Pulse VPN for NREL Users
This guide describes how to connect to NREL HPC Center systems from your desktop or laptop. The basic steps are:
- Connect to the NREL network
- Connect to the desired system
If you are not already connected to the NREL network, you must establish a VPN session to NREL. If you are connecting from an NREL laptop you may use the Junos Pulse client software. Non-NREL systems should use the HPC VPN!
If you are a remote user, or are connecting with a non-NREL owned computer, you can get access to the HPC systems. If this is you, follow the instructions at the Remote User page to get Pulse configured.
Follow these steps once the Pulse client has connected:
- First, you must accept the EULA and continue.
- Then, where noted on the login form, enter your NREL ID, PIN and token code, and NREL password.
- If it all goes well, you will be presented with a screen that includes a 'Network Connect' option and a (Start) button.
- Click on the (Start) button to initiate the VPN connection.
- You should be able to connect (ssh, etc.) directly to servers in the NREL HPC Center after a few seconds.
Use SSH to login to the system. Your login and password will match your NREL network account login/password.
From OS X or Linux, open a terminal window and type:
To use X11 applications on Peregrine, such as Totalview, you must have X11 installed on your workstation or laptop. On Mac OS X systems, from within an X11 window, type the command
ssh -Y USERNAME@peregrine.hpc.nrel.gov
For file transfer use:
scp local_file USERNAME@peregrine.hpc.nrel.gov:
Want to streamline your command-line and not have to type so much? Read our ssh config file tips!
Windows File Transfer GUI
Connecting from a Windows desktop, use a windows SSH client like xming or putty for login and file transfer. Another option for transferring files from a windows desktop is the open source utility, FileZilla.
WinSCP is an open source SFTP, SCP and FTP client for Microsoft Windows. It is used to securely transfer files from a local computer to a remote computer.
OS X File Transfer GUI
Since iTerm2 and the built-in Terminal app work so well, you may just want to stick with the command line on a Mac. However, if you must use a graphical app, one of the following may be worth consideration:
These and others are listed at this thread about OS X graphical file transfer apps.
Connecting to WinHPC
Your login for the Windows HPC Cluster will match your NREL Active Directory login/password that you use to login to your workstation. Please log out and back into your workstation for your account to be finalized. Open a Remote Desktop connection using server name WINHPC02 (this is the login node). Mac users need to login using nrel_nt\userid and winhpc02.nrel.gov as the domain. We have detailed documentation on how to connect to the WinHPC from a Mac.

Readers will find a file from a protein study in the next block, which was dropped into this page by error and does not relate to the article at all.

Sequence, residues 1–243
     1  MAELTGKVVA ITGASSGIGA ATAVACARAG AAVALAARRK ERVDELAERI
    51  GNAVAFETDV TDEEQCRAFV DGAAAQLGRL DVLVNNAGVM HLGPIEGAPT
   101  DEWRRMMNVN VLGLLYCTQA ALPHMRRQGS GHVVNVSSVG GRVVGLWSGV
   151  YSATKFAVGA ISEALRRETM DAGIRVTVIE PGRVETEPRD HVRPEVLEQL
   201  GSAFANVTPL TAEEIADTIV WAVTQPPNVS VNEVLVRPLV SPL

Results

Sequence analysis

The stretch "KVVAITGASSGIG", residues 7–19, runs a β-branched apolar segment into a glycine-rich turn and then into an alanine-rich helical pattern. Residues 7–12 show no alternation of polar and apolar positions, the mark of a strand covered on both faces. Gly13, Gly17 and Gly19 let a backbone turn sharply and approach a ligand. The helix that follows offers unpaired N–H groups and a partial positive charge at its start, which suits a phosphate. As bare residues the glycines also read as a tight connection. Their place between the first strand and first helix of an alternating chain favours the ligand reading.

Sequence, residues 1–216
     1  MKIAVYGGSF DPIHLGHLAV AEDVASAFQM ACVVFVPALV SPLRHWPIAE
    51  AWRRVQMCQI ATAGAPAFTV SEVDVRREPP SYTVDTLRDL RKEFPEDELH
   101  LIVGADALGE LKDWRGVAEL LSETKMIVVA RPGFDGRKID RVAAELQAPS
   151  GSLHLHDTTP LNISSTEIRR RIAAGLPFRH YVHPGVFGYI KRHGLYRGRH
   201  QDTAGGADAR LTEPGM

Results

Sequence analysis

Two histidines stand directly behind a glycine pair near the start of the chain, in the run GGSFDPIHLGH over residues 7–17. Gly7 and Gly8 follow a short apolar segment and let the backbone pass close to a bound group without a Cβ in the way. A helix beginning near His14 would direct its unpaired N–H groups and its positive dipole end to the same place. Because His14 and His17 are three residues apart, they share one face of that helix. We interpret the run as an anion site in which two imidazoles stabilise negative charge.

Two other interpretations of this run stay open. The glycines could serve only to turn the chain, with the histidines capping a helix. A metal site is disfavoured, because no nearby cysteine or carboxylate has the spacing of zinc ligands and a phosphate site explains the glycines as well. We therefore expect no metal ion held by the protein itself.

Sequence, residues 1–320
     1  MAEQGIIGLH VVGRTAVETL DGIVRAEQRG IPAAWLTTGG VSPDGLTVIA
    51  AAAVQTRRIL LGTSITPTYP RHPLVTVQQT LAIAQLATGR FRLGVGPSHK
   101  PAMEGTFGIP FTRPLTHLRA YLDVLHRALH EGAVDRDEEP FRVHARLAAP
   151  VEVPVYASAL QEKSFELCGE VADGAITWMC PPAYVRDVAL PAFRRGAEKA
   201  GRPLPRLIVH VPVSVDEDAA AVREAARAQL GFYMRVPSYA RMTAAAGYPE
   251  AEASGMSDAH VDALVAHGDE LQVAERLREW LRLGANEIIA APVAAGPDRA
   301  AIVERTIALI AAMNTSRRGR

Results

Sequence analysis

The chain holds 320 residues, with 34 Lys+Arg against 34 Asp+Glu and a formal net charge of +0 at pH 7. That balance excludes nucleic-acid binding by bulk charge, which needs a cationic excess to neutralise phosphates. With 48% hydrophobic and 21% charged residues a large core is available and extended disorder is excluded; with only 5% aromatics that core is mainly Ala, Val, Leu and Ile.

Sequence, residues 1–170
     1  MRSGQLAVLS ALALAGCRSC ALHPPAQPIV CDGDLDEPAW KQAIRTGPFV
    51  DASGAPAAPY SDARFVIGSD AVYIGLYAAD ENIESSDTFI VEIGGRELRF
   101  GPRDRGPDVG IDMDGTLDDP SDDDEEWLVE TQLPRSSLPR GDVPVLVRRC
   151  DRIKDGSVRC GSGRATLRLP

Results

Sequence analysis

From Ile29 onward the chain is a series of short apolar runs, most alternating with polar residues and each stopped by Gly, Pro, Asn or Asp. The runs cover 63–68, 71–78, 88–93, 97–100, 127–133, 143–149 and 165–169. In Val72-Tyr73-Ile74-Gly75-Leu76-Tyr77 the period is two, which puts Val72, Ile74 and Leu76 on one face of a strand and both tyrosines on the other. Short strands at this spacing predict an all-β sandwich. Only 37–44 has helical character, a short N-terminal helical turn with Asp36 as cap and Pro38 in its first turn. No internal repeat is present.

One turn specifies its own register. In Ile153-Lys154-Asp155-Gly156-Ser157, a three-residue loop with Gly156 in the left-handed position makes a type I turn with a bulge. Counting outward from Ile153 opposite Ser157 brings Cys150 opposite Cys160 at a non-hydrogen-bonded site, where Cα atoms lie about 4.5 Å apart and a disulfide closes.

Setting up ssh keys can be very convenient and save a lot of time and keystrokes.
Basically, you create ssh keys (public and private) on the source system. Then, copy the content of the public key info from the source into the ~/.ssh/authorized_keys file of your target system. If it's set up correctly, it greatly simplifies using ssh and scp to that target system.
Commands to set up ssh keys
Most of the commands below you can simply cut and paste. Just substitute TARGETSERVER with your actual target server.
Setup your SSH keys
First, check to see if you already have ssh keys setup on your laptop. If you do, skip this step.
ls -la ~/.ssh
If you see a list of file that includes id_rsa and id_rsa.pub, skip the next step. These are already configured on the NREL HPC systems. HPC system users can skip this step. If you get an error or don't see those files, do the following.
mkdir ~/.ssh cd ~/.ssh ssh-keygen -q -t rsa -f ~/.ssh/id_rsa
# optionally with no password: ssh-keygen -q -t rsa -N '' -f ~//.ssh/id_rsa chmod 600 * chmod 700 ~/.ssh
With id_rsa and id_rsa.pub in your ~/.ssh directory, you can now scp the .pub file and set up the target server.
Copy the id_rsa.pub to the target server
# still on your laptop or source scp ~/.ssh/id_rsa.pub TARGETSERVER:source-id_rsa.pub # Now, ssh to the TARGETSERVER and set it up # ------------------------------------------------ ssh TARGETSERVER mkdir ~/.ssh touch ~/.ssh/authorized_keys cat ~/source-id_rsa.pub >> ~/.ssh/authorized_keys rm ~/source-id_rsa.pub # Fix permissions # ------------------------------ chmod 700 ~/.ssh chmod 600 ~/.ssh/*
From your laptop or source workstation, substitute TARGETSERVER with you actual target server name, and type:
$ ssh TARGETSERVER
The TARGETSERVER may ask you for a password the first time. If it does, log in again.
It should just work.